Chris Merritt drew attention to this issue in his Australian article “ABC not a model litigant in Andrew Laming defamation,” which was later picked up by ABC Executive Director David Anderson at the Senate Estimate Hearing the following week. In response, Chris Merritt called for the reintroduction of model litigants into legislation in his article “ABC must be up to the standard of `model litigant`”, stating: 7. Essentially, the fact requires that the State and its authorities, as parties to a dispute, act in a manner that is entirely correct, equitable and in accordance with the highest professional standards. The expectation that the State and its organs act as exemplary litigants has been recognized by the courts. See, for example, Melbourne Steamship Limited v Moorhead (1912) 15 CLR 133, p. 1. 342; Kenny v. State of South Australia (1987) 46 SASR 268-273; Yong Jun Qin v. Minister of Immigration and Ethnic Affairs (1997) 75 FCR 155.
The Model Litigator Policy is designed to provide best practice guidance to government agencies in civil litigation. It is based on the concepts of ethical, fair and honest conduct to model best litigation practices. Under this policy, government agencies are required to: The Office for the Coordination of Legal Services (OLSC) monitors the government`s compliance with the Model Guidelines for Litigants. Complaints about violations can be directed to the OCOL, which also becomes aware of these issues through media reporting, judicial statements, and self-disclosures by government agencies. The Attorney General may impose sanctions for violations of the Model Guidelines for Litigants. However, there is no formal complaints system and publicly available information on violations or their investigations is not available. If a government agency such as a department or agency is involved in litigation, it is expected to act as an exemplary litigator. This means adhering to the highest ethical and professional standards by acting honestly and fairly and trying to resolve the dispute as quickly as possible.
Government agencies are recognized as having more power than individuals and corporations, and therefore should not be seen as an abuse of power that comes with their greater experience, resources, and authority. In Australia, there are model guidelines for litigants that apply both at the Commonwealth level and in each state and territory. This article describes the guidelines for litigants of the Commonwealth model. For local governments that do not have requirements similar to those in New South Wales, the obligations are imposed by common law model litigants. If a court was satisfied that a Commonwealth litigant had breached or was likely to violate the model rules for litigants, it would have had the power to make any order it deemed appropriate. The strength of this approach is that law enforcement is not politicized. Ordinary people who were in dispute with government agencies would have a way to ensure that the financial weight of the Commonwealth could not be abused by bureaucrats. Summarizes the main cases in which the standard obligations of litigants arise. In the case of the Commonwealth, provision is made for the Attorney General`s enforcement of the Act.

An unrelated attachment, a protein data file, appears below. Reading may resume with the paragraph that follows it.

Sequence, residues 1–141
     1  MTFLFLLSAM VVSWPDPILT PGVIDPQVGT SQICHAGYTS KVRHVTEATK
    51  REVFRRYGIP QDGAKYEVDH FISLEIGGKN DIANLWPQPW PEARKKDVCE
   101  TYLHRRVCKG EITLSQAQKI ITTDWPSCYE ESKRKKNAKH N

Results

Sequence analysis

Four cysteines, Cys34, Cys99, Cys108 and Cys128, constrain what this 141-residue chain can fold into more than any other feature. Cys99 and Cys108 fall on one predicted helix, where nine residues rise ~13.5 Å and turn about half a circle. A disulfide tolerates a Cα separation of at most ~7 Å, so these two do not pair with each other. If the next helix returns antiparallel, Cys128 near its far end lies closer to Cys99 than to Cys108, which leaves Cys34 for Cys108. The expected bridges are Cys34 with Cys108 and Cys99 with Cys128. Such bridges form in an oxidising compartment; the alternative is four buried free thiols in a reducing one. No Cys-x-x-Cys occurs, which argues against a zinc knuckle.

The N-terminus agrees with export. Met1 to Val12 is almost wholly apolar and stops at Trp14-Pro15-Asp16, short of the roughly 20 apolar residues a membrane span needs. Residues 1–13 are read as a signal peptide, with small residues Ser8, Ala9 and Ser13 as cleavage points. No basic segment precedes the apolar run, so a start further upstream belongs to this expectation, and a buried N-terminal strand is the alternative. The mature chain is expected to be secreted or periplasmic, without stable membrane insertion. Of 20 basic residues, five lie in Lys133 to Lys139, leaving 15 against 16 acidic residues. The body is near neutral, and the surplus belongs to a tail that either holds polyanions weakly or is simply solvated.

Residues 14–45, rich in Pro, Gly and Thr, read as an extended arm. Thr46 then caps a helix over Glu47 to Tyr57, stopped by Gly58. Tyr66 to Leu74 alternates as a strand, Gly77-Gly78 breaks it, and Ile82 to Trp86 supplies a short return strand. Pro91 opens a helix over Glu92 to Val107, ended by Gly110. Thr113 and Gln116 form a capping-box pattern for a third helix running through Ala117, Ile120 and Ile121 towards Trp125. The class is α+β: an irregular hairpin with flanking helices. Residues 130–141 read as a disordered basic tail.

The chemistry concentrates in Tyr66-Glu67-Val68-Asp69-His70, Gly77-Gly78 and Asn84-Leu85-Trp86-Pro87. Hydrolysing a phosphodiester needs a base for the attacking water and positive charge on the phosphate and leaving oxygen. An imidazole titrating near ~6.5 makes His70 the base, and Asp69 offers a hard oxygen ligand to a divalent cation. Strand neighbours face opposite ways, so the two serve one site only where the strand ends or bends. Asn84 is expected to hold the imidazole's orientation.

There is no equivalent provision for state MLOs. The Attorney General may impose sanctions for non-compliance with the Legal Services Directive under Section 55ZG (2) of the Judicial Act 1903 (Cth). However, these provisions do not require the Attorney General to take steps to ensure compliance. Organizations must notify the Office for the Coordination of Legal Services of any actual or potential non-compliance with the 2017 Legal Services Directives. Any government agency or agency that is a party to any form of litigation in any area of law is bound by the Model Guidelines for Litigants. This applies regardless of whether the government is the plaintiff or the defendant and regardless of the court before which the case is pending. It applies in both criminal and civil matters. As an Australian government agency, the ATO applies the highest standards of ethical conduct when involved in litigation. As a result, our litigation obligations go beyond those imposed on private litigants.